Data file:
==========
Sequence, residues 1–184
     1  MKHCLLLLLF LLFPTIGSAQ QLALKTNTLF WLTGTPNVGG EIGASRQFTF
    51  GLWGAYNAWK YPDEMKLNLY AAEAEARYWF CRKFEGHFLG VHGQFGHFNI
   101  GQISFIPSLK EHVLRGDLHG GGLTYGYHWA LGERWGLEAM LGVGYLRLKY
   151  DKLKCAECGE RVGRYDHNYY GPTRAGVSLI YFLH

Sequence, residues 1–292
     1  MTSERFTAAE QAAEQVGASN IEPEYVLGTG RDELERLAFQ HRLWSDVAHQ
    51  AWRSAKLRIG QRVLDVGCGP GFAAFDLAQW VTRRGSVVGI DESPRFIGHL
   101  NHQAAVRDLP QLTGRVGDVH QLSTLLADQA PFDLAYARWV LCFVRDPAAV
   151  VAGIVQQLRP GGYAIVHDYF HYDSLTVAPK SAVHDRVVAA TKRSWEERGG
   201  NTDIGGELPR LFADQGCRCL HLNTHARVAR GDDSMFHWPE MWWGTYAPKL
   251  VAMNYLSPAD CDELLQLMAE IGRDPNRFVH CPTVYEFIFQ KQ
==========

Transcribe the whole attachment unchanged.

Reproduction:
Sequence, residues 1–184
     1  MKHCLLLLLF LLFPTIGSAQ QLALKTNTLF WLTGTPNVGG EIGASRQFTF
    51  GLWGAYNAWK YPDEMKLNLY AAEAEARYWF CRKFEGHFLG VHGQFGHFNI
   101  GQISFIPSLK EHVLRGDLHG GGLTYGYHWA LGERWGLEAM LGVGYLRLKY
   151  DKLKCAECGE RVGRYDHNYY GPTRAGVSLI YFLH

Sequence, residues 1–292
     1  MTSERFTAAE QAAEQVGASN IEPEYVLGTG RDELERLAFQ HRLWSDVAHQ
    51  AWRSAKLRIG QRVLDVGCGP GFAAFDLAQW VTRRGSVVGI DESPRFIGHL
   101  NHQAAVRDLP QLTGRVGDVH QLSTLLADQA PFDLAYARWV LCFVRDPAAV
   151  VAGIVQQLRP GGYAIVHDYF HYDSLTVAPK SAVHDRVVAA TKRSWEERGG
   201  NTDIGGELPR LFADQGCRCL HLNTHARVAR GDDSMFHWPE MWWGTYAPKL
   251  VAMNYLSPAD CDELLQLMAE IGRDPNRFVH CPTVYEFIFQ KQ